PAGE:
Earn top cashback on your spending

By making the most of these credit cards, you can earn top cashback and rewards.

It's often said that there is 'no such thing as a free lunch.' In other words, every gain ends up costing us something, somehow, either immediately or later on. Generally, I agree with this old saying, but there are some exceptions to this rule.

For example, I will pocket upwards of £100 later this month for doing absolutely nothing. Where does this 'money for nothing' come from? Quite simply, it's a no-strings reward for using my cashback credit card!

Cunning cashback

Wherever I go and whatever I'm buying, I try to pay for all my purchases using my cashback credit card. This is because my flexible friend gives me a yearly rebate of 1% of the value of all my spending. As I've spent at least £10,000 on this card over the past 12 months, I'm due a cashback payment in excess of £100 very soon.

However, many people may not like to spend as much as I do on their plastic cards. Therefore, in order to find the ultimate cashback credit cards, I've crunched the numbers for monthly spending levels of £200, £400 and £800 in the first year.

The three top cashback cards

These three are the table-topping cashback cards:

The Capital One World MasterCard pays 5% cashback for the first 99 days, up to a maximum reward of £100. After this, it pays 0.5% on the next £6,000 spent, then 1% on £6,000 to £10,000 and 1.25% on spending over £10,000. To apply, you need to have a spotless credit rating, own your home and earn at least £20,000 a year. The typical yearly rate on purchases is 19.9% APR.

The American Express Platinum Cashback Card pays 2.5% cashback for the first three months, capped at £100. After this, it pays 1.25% on all spending. There is a £25 yearly fee, plus a yearly bonus rate of 2.5% for one month each anniversary. To apply, you need a household income of at least £30,000 a year, and the typical yearly rate on purchases is 14.9% APR.

The Santander 123 Cashback MasterCard pays 1% on supermarket spending, 2% in department stores and 3% on fuel spending (capped at £9 a month). There is a £24 yearly fee, though if you move your current account to the new Santander 123 account, there's no fee for the first year. What's more, the current account pays cashback on your direct debits! For more information, check out this article.

The typical yearly rate on purchases is 18.9% APR, and to apply, you'll need a minimum yearly income of £7,500.

For each of the cards I have highlighted the typical interest rates charged. However, cashback cards are only really appropriate for those of you who pay off your balance in full each month, thereby avoiding paying interest. Otherwise your interest payments will soon wipe out any cashback you may earn.

Going head-to-head

Here's how these three cashback credit cards compare for my three levels of monthly spending:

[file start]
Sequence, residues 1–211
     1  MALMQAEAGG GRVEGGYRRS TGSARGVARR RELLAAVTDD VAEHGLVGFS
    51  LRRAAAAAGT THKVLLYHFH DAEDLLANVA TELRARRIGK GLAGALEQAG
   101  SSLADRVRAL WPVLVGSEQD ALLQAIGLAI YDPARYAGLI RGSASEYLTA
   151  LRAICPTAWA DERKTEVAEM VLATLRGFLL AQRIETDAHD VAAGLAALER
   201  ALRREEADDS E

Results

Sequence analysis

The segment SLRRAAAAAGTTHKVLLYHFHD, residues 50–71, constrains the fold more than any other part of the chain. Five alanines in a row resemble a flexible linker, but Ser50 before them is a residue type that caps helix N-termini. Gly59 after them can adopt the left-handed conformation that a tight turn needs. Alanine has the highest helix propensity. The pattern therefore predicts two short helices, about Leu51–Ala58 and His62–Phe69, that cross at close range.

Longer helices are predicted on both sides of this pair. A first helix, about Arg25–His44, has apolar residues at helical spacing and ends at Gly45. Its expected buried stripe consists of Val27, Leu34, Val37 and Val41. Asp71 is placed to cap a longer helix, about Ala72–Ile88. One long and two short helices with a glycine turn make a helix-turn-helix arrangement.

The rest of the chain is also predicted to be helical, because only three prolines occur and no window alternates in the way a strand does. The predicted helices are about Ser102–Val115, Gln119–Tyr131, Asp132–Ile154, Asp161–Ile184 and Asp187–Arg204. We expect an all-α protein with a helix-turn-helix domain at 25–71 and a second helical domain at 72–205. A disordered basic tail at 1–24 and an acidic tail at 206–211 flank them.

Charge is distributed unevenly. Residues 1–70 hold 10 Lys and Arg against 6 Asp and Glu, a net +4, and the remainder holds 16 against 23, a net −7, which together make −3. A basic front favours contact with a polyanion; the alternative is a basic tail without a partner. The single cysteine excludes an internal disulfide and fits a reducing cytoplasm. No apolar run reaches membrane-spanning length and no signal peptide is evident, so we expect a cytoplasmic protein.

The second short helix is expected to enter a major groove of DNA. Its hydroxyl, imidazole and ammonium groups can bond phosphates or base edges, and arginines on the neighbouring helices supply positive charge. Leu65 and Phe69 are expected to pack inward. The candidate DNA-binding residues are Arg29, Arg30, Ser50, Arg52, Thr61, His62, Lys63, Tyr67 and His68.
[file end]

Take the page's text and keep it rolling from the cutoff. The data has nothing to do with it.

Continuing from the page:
a month


a month


a month

Capital One World MasterCard




Santander 123 Cashback MasterCard*




American Express Platinum Cashback Card**




* Cashback shown assumes a 'blended' cashback rate of 2% and after deducting yearly fee of £24

** Cashback shown after deducting yearly fee of £25

As you can see, the Capital One card tops my cashback table, partly because it has an introductory 5% cashback rate for the first 99 days. Also, it does not charge a yearly fee, unlike the Santander (£24) and Amex (£25) cards.

However, after the first year, this card's cashback ranges between 0.5% and 1.25%, depending on your spending level. Hence, for big spenders, it makes sense to switch to a new cashback card after having made the most of this card.

What's more, as the Santander and Amex cards both charge annual fees, they are not the best choices for low spenders. If you spend only modestly on credit cards, then the Capital One card is sure to be your winning plastic for cashback.

Making the best of cashback cards

To make the most of your cashback card, put as much of your spending on it as you possibly can. As a bonus, this will give you the legal protection offered by Section 75 of the Consumer Credit Act 1974.

However, that's not an excuse to spend more than you would normally!

In addition, never use these credit cards to withdraw cash or for balance transfers. Lastly, always say no to the rip-off PPI (payment protection insurance) on offer.

Bonus rewards for loyalty

As well as taking your cashback card with you when you go shopping, you should also make full use of stores' own loyalty cards. By doubling up with a cashback credit card and a loyalty card, you can earn bumper rewards as you shop.

Here in the UK, the three most popular loyalty cards are the Tesco Clubcard, the Nectar card and the Boots Advantage card.

The Tesco Clubcard offers one point per £1 spent (1%) at Tesco or with its partners such as energy supplier E.ON. Each point is worth a penny when spending at Tesco, but redeeming these vouchers via the Clubcard Rewards scheme can double, triple or quadruple their value, depending on what you buy.

The Nectar card offers two points per £1 spent at outlets including Amazon, BP, Debenhams, Expedia and Sainsbury's. Each point is worth half a penny, so you effectively earn 1p per £1 spent. Again, you can boost the value of these points by redeeming them for a range of different discounts, gifts or days out from the Nectar catalogue.

The Boots Advantage card offers four points for every £1 spent at Boots, which works out at 4% of your spending. Each point is worth a penny in-store, plus Boots offers extra points and coupons via in-store kiosks.

This article has been updated for March 2012.

More: Find cracking cashback cards | Your best broadband deals for 2012 | The UK's worst cash ISAs


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